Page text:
sat 02/07/2022

Theatre Reviews

The White Card, Soho Theatre review - expelling the audience from its comfort zone

Gary Naylor

We’re in New York City, in an upscale loft apartment, with that absence of stuff that speaks of a power to acquire anything. There are paintings on the walls, but we see only their descriptions: we learn that the owner (curator, in his word) really only sees the descriptions, too, and that the aesthetic and artistic elements barely register.

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The Fellowship, Hampstead Theatre review - strong clashes, too little drama

aleks Sierz

I live in Brixton, south London. A few days ago, the borough’s aptly named Windrush Square hosted events which celebrated the contribution of the Windrush Generation and their descendants.

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Mad House, Ambassadors Theatre review - David Harbour is magnificent in Theresa Rebeck's family drama

Tom Birchenough

For sheer extremes of family dysfunction Theresa Rebeck’s Mad House must be aiming to set new records in American drama. The latest in a line that stretches back to Eugene O’Neill, the plentiful other contenders that have appeared over the decades mean that it’s become a crowded field but, on the cantankerous patriarch front at least, Bill Pullman’s performance as Daniel, Rebeck’s cussed paterfamilias, trumps most of its predecessors for sheer malevolence.

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A Doll's House, Part 2, Donmar Warehouse review - Noma Dumezweni nails it

Matt Wolf

Slamming the door on experience comes with repercussions in A Doll's House, Part 2, the thrilling Broadway entry from American writer Lucas Hnath that has arrived at the Donmar as part of an America-friendly season at that address including Marys Seacole (already finished) and The Band's Visit (still to come).

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Bangers, Soho Theatre review - sizzling gig theatre

aleks Sierz

Is gig theatre the latest sugar rush? Okay, it ups the brain’s serotonin levels and charges around your body like a crazy electric current, but amid the joyous nerve reactions does the music speak louder than the words?

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King Lear, Shakespeare's Globe review - eviscerates emotionally while illuminating a society rotten with lies

Rachel Halliburton

Kathryn Hunter’s performance as Lear forges its heat from contradictions. She is as frail as she is strong, as detestable as she is loveable, as powerfully charismatic as she is physically diminutive. That she is a woman playing a man is the least extraordinary aspect of what she achieves in this production.

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That Is Not Who I Am, Royal Court review – gimmicky post-truth spoof

aleks Sierz

What is the shelf life of a theatre gimmick? In April, the Royal Court announced that they were going to stage a debut play by an unknown writer, Dave Davidson, who has worked for decades in the security industry. His drama was hyped up, helped by Time Out magazine, and by fellow playwrights Simon Stephens and Dennis Kelly.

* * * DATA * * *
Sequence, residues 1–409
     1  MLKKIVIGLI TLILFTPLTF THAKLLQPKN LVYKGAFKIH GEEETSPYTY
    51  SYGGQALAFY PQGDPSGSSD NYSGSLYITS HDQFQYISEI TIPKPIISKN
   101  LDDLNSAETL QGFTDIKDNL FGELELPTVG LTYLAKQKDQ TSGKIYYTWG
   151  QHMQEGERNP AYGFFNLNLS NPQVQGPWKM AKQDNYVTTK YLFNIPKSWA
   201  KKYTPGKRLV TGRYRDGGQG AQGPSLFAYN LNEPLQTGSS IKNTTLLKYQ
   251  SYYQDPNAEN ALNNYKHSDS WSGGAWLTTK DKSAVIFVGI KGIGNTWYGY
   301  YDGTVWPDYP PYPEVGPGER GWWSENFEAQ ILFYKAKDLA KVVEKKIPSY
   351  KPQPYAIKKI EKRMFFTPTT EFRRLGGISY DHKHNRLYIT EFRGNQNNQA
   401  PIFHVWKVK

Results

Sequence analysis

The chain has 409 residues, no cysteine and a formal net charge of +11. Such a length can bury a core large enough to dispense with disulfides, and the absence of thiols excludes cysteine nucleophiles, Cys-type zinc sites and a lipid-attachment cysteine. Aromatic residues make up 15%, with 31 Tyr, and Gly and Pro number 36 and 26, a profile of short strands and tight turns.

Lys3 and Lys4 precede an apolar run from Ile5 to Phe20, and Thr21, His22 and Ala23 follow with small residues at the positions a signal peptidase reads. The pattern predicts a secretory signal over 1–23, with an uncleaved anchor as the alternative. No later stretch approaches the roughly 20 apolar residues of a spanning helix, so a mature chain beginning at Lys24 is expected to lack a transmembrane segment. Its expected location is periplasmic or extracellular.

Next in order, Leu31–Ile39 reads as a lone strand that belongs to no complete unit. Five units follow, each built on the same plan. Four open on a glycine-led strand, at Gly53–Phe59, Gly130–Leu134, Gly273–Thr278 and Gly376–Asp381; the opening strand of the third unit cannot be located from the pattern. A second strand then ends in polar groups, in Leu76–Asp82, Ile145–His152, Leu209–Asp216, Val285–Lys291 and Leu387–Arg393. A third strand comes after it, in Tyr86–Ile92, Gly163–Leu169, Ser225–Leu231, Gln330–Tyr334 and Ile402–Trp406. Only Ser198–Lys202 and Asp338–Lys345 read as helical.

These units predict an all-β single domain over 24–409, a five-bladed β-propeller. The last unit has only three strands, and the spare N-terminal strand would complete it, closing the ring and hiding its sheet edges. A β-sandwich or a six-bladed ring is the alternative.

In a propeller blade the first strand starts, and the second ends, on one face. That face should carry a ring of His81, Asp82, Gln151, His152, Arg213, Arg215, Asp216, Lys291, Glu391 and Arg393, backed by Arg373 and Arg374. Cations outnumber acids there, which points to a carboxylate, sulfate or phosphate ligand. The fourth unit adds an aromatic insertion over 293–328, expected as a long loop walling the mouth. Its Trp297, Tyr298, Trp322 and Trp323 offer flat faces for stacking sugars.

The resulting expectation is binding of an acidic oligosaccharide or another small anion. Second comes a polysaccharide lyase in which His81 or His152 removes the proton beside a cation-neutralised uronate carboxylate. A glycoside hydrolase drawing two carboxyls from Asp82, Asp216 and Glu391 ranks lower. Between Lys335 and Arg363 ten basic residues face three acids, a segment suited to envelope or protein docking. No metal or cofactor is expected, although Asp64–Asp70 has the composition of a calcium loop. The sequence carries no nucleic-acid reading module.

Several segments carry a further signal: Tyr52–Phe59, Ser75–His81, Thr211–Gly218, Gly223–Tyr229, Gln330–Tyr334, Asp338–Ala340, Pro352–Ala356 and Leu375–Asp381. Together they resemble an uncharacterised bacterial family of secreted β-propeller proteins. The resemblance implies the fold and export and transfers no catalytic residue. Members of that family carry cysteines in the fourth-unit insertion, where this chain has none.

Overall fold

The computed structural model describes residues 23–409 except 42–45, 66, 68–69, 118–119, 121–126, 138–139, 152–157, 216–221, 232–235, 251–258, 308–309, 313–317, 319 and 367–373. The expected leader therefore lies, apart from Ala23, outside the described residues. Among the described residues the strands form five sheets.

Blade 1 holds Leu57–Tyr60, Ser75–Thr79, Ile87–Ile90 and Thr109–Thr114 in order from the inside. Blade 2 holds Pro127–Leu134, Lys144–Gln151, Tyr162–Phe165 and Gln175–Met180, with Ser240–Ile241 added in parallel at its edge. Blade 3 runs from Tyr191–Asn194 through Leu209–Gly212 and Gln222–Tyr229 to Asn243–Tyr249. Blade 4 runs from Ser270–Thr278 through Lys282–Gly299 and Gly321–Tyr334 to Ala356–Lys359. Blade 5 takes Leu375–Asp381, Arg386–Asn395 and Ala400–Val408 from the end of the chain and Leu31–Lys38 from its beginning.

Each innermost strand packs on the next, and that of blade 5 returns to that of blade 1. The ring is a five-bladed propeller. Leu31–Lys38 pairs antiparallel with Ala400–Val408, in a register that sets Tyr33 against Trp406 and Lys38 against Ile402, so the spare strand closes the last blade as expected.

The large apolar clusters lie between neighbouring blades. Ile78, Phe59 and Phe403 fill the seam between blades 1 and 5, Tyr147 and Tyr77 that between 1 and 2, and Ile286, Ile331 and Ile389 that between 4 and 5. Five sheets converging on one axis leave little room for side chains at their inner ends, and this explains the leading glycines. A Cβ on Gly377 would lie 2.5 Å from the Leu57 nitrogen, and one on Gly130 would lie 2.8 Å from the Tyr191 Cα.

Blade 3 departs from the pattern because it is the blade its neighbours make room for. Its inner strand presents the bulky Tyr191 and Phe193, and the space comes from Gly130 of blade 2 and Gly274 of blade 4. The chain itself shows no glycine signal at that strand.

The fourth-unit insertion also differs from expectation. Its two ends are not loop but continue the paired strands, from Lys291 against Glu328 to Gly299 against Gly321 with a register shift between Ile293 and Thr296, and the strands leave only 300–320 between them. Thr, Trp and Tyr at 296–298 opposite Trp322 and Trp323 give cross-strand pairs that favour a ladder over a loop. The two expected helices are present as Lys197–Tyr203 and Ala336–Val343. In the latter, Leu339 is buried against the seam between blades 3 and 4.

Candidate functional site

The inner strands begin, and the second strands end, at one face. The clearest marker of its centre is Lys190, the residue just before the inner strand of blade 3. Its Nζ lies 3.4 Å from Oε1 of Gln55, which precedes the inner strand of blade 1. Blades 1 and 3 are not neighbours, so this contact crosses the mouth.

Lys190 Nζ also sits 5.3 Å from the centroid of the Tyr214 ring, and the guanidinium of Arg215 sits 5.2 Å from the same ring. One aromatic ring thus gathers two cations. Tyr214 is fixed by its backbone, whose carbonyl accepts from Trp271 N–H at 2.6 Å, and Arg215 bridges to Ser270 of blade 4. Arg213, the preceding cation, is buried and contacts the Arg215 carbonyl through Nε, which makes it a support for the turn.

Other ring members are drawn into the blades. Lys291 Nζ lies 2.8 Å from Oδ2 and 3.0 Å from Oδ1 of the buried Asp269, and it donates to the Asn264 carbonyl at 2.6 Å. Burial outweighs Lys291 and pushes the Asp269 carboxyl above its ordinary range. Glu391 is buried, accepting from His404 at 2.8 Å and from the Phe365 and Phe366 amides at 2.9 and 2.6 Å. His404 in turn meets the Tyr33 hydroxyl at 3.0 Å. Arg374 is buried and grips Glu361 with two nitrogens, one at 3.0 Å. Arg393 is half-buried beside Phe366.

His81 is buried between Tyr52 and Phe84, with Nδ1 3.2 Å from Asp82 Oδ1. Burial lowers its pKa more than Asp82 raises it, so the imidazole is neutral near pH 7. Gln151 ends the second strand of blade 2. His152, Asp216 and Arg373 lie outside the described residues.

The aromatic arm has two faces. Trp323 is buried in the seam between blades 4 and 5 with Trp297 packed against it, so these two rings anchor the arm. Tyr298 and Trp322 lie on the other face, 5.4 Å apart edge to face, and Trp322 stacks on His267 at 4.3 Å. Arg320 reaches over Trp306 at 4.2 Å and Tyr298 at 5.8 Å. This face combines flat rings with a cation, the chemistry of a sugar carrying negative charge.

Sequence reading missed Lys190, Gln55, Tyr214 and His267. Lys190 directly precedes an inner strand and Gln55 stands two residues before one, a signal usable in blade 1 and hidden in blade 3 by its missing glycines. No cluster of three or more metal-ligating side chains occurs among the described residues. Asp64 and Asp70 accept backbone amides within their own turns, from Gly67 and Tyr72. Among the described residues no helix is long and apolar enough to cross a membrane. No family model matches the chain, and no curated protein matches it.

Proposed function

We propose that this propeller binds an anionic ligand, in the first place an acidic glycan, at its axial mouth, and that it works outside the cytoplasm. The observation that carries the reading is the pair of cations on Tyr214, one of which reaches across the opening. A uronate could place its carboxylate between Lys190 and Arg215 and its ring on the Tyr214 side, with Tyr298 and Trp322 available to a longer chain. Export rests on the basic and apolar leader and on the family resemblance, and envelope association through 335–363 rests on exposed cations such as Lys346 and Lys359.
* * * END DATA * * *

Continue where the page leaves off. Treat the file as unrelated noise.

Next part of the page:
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Jitney, Old Vic review - a directorial delight

Tom Birchenough

It’s great to see August Wilson’s early play – the first of his “Century Cycle”, that remarkable decalogy that explored a century of Black American experience through the prism of the playwright’s native Pittsburgh – back on the London stage. It’s been two decades since it premiered at the National Theatre, winning the 2002 Olivier Best New Play award.

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Ulysses, Abbey Theatre / The Tin Soldier, Gate Theatre, Dublin review - peerless Joyce marathon, Andersen squashed

David Nice

A pot plant on a stand, two tables with glasses of water, two chairs – one plush, one high – are all the props needed on the stage of the Abbey’s second theatre, the Peacock, for the ultimate complete reading of James Joyce’s Ulysses in its 100th year. For Barry McGovern is a master: one of Beckett’s favourite actors, on a par with Billie Whitelaw, and immersed in all things Joycean over the past 30 years (★★★★★).

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The False Servant, Orange Tree Theatre review - Marivaux's cruel comedy gets a modern spin

Helen Hawkins

There probably isn’t a more able translator of vintage drama than Martin Crimp, the playwright whose 2004 version of Pierre Marivaux’s 1724 play about deceit, greed and sexual politics has been revived at the enterprising Orange Tree. The finale has been slightly tweaked now, which helps repurpose the play as a work with today’s interest in gender fluidity in its sights.

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Pages

Advertising feature

★★★★★

A compulsive, involving, emotionally stirring evening – theatre’s answer to a page-turner.
The Observer, Kate Kellaway

 

Direct from a sold-out season at Kiln Theatre the five star, hit play, The Son, is now playing at the Duke of York’s Theatre for a strictly limited season.

 

★★★★★

This final part of Florian Zeller’s trilogy is the most powerful of all.
The Times, Ann Treneman

 

Written by the internationally acclaimed Florian Zeller (The Father, The Mother), lauded by The Guardian as ‘the most exciting playwright of our time’, The Son is directed by the award-winning Michael Longhurst.

 

Book by 30 September and get tickets from £15*
with no booking fee.


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